Today, only the graveyard remains, the hospital (which gave the area the name Spital) and Chapel being raised to the ground during the Civil War of the 17thC. It was outside of the city walls, and therefore could have been used by the opposing army, so it was destroyed in 1643 as a preventative measure.
So this was the place poor George’s supporters bought his remains. I shuddered at the thought of his death, and hoped there was someone there to put his soul to rest – the wind whistled around me, not as strong as it had been, but though I didn’t want to admit it then, it seemed to say he was not at rest at all… Quite the opposite in fact if my recent dream was anything to go by.
Since then, musing on the events that have followed this visit, I remember a discussion with David Furlong once. A group of us were considering helping a Soul to move on, and the subject had moved onto the faith that Soul had held in life. David explained that they would be in purgatory if that’s were they believed in life, especially if certain rituals, such as the last sacrament, were not performed. I wondered where George had expected his soul to go when he died that fateful day in April 1555… If he was considered a martyr, would the living hold his soul to the place of his death?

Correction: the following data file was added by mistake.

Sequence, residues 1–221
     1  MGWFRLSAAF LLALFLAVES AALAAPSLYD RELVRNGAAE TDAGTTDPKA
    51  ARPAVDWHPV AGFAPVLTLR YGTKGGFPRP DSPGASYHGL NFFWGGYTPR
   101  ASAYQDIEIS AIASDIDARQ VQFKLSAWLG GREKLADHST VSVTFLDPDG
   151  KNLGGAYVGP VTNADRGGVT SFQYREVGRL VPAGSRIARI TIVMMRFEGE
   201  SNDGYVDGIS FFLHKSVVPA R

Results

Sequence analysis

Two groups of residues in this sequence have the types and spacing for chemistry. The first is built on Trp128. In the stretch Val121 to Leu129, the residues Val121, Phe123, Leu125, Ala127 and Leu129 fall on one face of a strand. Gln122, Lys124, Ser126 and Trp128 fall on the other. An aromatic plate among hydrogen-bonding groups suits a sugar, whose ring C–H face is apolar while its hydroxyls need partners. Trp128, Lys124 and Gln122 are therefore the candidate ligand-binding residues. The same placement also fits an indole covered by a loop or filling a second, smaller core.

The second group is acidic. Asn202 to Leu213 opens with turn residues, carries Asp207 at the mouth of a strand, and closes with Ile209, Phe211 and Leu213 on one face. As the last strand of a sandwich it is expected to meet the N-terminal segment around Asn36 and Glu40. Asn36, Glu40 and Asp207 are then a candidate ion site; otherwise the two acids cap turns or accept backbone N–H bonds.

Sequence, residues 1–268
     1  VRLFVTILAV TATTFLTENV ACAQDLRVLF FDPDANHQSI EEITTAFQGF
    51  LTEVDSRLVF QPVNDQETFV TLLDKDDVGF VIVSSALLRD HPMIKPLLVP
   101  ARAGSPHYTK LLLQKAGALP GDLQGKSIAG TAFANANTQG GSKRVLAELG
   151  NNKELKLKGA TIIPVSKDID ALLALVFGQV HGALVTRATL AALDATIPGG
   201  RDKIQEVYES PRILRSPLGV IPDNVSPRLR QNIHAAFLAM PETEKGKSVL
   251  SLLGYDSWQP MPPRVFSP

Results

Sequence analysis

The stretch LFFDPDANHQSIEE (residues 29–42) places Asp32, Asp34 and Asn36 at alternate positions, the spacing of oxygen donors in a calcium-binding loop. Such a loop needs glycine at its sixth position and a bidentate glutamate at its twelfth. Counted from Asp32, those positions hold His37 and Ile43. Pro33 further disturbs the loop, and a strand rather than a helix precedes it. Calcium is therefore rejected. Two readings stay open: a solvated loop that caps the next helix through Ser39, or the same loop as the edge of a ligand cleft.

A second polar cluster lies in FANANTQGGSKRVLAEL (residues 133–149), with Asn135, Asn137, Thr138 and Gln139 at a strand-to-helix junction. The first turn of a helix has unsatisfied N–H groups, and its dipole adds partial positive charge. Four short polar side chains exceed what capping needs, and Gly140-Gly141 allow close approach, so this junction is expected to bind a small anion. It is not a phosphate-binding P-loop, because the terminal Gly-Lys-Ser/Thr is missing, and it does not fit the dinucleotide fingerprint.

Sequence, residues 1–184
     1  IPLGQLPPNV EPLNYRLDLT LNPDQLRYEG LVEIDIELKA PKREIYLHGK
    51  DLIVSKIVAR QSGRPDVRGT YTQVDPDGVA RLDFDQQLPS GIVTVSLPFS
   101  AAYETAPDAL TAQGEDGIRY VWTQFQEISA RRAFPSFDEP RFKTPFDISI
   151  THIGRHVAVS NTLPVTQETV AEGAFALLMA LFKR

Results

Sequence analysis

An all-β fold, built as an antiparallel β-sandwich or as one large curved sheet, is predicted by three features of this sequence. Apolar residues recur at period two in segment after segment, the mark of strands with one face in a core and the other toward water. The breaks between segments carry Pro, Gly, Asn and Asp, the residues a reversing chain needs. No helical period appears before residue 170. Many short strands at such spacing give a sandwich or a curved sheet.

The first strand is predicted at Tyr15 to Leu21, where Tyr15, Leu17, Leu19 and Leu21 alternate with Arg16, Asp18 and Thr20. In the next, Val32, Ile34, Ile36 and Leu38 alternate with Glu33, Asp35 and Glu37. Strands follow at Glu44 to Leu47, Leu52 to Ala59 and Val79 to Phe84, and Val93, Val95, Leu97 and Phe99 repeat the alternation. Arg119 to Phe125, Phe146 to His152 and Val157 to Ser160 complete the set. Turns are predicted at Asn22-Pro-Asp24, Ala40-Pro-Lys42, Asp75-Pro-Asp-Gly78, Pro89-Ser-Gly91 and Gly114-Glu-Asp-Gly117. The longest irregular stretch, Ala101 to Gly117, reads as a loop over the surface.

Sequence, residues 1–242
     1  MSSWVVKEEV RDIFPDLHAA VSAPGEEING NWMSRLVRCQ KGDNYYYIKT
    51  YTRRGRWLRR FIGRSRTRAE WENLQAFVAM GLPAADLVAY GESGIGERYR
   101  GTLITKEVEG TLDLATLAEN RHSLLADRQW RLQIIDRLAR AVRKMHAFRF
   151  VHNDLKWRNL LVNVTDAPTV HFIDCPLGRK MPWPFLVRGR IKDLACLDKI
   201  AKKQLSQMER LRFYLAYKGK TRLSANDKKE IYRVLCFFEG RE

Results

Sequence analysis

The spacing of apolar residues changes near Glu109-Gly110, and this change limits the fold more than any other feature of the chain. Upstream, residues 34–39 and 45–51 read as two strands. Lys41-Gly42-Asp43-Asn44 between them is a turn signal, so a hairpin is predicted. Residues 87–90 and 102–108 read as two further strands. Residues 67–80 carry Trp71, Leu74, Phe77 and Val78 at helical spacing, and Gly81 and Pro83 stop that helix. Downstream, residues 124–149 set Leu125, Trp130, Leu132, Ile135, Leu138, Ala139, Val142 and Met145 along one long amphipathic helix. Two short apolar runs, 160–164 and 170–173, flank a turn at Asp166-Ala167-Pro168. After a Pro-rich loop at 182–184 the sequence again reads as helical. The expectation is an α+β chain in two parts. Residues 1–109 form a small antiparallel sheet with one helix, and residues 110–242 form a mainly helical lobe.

I also considered the conversations I’d taken part in on the Traditional Witchcraft group on FB; about a soul, either the first or last person buried in a graveyard becomes the sites guardian… Could George, the Martyr, be one of these restless souls?
There is a local tale, which I read about in Roy’s book, that the street by St Giles’s was cobbled (paved) with the skulls of Welshmen, killed in the Welsh Wars, by a Normal Earl.
Truly, this seemingly innocent spot of Chester, had seen some awful times.
My ‘visit’ over, I took the opportunity to window shop in a few antique shops along the way, to earth myself, and muse over the events.
Little did I know how this ‘visit’ was to affect me over the next few days! But I unexpectedly decided to take a few more photos at the Gallows Hill park, but from the road… I think this could have been when ‘something’ followed me home… In retrospect, I could feel it, tagging along until I got to the canal bridge, where I stopped and mentally performed a banishing on the brow, while looking to all and sundry, I was just enjoying the view… Then I moved on (on more than one level) and returned home.
So the situation is ongoing – my research into those that died at that spot continues, and the synchronous events also.
It is worth a mention, as I intend another ‘visit’ and subsequent post about it, that witches have been hanged there. At first, I thought it might have been them who were calling – not poor George. But he was the one who has come through the strongest, and there we are. These things often turn out so very differently to what we hope, or expect!